[PATCH v3 2/2] regulator: rk808: add dvs support
zyw at rock-chips.com
Mon Dec 29 19:07:14 PST 2014
On 12/30/2014 01:25 AM, Mark Brown wrote:
> On Mon, Dec 15, 2014 at 11:07:58AM +0800, Chris Zhong wrote:
>> + sel <<= ffs(rdev->desc->vsel_mask) - 1;
>> + sel |= old_sel & ~rdev->desc->vsel_mask;
>> + ret = regmap_write(rdev->regmap, reg, sel);
>> + if (ret)
>> + return ret;
>> + gpiod_set_value(gpio, !gpio_level);
> So, this seems a bit odd. What we appear to be doing here is
> alternating between the two different voltage setting registers which is
> all well and good but makes me wonder why we're bothering - it's a bit
> more work than just sticking with one. We do get...
you mean check the old_selector and selector? I think
_regulator_do_set_voltage have done it.
>> + /*
>> + * dvsok pin would be pull down when dvs1/2 pin changed, and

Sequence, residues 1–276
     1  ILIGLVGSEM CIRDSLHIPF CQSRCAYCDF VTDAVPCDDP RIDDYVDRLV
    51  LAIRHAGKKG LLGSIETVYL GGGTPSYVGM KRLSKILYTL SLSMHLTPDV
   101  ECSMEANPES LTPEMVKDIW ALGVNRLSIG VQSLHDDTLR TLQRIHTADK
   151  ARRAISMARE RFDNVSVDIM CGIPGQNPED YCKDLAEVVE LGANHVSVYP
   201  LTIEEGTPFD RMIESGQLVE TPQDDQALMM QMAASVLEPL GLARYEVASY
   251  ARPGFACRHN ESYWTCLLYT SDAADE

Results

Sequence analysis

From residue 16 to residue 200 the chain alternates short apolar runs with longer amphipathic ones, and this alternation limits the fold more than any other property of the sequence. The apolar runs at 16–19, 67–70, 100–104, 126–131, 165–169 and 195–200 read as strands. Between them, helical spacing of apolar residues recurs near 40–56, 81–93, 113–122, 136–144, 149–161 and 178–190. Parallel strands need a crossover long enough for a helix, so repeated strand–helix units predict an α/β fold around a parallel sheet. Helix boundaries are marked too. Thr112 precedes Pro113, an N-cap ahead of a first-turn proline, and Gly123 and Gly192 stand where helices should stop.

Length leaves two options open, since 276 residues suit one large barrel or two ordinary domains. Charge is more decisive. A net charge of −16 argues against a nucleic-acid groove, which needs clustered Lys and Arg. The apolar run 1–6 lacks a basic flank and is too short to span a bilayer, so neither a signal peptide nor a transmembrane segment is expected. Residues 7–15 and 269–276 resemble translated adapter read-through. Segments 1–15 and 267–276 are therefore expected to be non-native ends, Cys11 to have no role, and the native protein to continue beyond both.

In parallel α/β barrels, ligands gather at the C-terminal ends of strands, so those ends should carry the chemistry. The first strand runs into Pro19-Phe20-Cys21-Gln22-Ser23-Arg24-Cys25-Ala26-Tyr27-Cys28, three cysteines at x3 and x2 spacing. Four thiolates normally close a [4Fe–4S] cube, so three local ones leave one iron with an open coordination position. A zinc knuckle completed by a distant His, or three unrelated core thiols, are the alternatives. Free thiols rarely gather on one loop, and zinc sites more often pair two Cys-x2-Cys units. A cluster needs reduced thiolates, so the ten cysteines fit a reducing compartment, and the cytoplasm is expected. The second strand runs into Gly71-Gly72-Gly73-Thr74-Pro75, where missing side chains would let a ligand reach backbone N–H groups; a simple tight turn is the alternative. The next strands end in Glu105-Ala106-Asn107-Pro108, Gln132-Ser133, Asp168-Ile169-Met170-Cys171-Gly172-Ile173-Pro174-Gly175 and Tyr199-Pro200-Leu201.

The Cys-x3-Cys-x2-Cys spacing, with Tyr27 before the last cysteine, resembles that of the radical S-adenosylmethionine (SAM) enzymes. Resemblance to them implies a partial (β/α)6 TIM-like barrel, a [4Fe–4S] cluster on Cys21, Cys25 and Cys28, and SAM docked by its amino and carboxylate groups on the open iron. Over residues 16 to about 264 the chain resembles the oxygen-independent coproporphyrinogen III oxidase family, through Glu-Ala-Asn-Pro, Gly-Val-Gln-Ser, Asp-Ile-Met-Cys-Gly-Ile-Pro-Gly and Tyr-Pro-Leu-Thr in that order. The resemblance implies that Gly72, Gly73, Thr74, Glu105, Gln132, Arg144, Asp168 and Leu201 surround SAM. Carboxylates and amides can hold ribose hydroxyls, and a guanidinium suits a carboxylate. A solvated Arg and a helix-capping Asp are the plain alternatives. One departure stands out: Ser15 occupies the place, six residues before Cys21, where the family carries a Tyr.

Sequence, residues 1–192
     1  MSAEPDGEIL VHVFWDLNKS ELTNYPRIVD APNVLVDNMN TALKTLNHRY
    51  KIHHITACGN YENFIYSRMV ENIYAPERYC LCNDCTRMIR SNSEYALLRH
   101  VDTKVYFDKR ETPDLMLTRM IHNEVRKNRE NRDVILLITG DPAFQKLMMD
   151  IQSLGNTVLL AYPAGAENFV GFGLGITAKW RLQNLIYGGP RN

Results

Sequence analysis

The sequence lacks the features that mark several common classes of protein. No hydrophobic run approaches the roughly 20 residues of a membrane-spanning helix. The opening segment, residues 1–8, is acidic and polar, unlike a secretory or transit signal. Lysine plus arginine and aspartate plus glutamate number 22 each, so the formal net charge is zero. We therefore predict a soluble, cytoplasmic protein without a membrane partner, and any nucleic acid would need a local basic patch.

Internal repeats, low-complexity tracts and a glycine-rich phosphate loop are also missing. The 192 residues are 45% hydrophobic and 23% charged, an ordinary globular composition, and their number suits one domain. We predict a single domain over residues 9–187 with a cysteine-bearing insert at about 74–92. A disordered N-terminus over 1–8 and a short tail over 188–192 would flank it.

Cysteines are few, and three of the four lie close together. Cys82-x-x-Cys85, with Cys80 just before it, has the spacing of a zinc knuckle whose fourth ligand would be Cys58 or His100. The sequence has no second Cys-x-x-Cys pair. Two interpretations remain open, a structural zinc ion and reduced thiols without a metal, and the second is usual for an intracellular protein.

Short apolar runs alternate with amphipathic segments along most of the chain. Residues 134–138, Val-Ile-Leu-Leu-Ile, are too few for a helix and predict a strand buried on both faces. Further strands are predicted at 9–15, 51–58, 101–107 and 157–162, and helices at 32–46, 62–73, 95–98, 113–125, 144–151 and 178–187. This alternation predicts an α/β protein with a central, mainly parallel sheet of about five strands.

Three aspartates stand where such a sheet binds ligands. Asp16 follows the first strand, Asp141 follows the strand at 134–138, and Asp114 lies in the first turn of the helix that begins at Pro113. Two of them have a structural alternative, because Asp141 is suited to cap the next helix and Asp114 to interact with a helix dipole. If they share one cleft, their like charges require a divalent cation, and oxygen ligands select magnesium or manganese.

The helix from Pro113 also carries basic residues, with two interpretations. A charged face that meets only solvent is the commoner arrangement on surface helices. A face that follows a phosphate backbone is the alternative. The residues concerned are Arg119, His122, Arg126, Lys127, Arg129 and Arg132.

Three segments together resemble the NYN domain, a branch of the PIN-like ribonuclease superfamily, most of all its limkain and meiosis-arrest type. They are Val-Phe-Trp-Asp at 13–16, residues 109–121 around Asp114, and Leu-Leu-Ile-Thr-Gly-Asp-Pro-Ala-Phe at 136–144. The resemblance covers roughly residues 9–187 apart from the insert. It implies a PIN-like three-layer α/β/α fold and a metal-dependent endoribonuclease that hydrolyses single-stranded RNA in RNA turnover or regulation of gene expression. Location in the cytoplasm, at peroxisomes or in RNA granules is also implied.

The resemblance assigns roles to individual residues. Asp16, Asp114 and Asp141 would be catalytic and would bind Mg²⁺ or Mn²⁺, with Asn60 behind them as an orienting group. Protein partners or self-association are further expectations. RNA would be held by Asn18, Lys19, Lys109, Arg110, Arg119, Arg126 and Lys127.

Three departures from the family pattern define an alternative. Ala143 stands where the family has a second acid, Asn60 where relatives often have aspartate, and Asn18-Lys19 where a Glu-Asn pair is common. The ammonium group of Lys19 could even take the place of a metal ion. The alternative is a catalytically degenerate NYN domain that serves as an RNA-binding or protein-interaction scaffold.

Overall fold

>> + * it would be pull up once the voltage regulate complete.
>> + * No need to wait dvsok signal when voltage falling.
>> + */
> ...this but unless the voltage typically ramps much faster than spec
> it's never clear to me that we're actually winning by polling the pin
> instead of just dead reckoning the time, it's more work for the CPU to
> poll the GPIO than to sleep after all.
Actually, it's slower than spec, so I think getting this dvsok pin state
is safer than delay.
> One thing we can do with hardware like this is to program in a voltage
> we're likely to want to switch to quickly and then use the GPIO to get
> there. That can be a bit hard to arrange with the regulator API as it
> currently stands since we don't exactly have an interface for it.
> We can just check to see what the two values are current set to before
> switching and skip the register write if it's the same (making things
> faster since we're typically avoiding an I2C or SPI transaction by doing
> that) but that's a bit meh. We can also try to do things like keep the
> top voltage from the voltage ranges we're being given programmed which
> for DVS typically ends up doing a reasonable job since governors often
> like to jump straight to top speed when things get busy so that's one of
> the common cases where we most want to change voltages as quickly as
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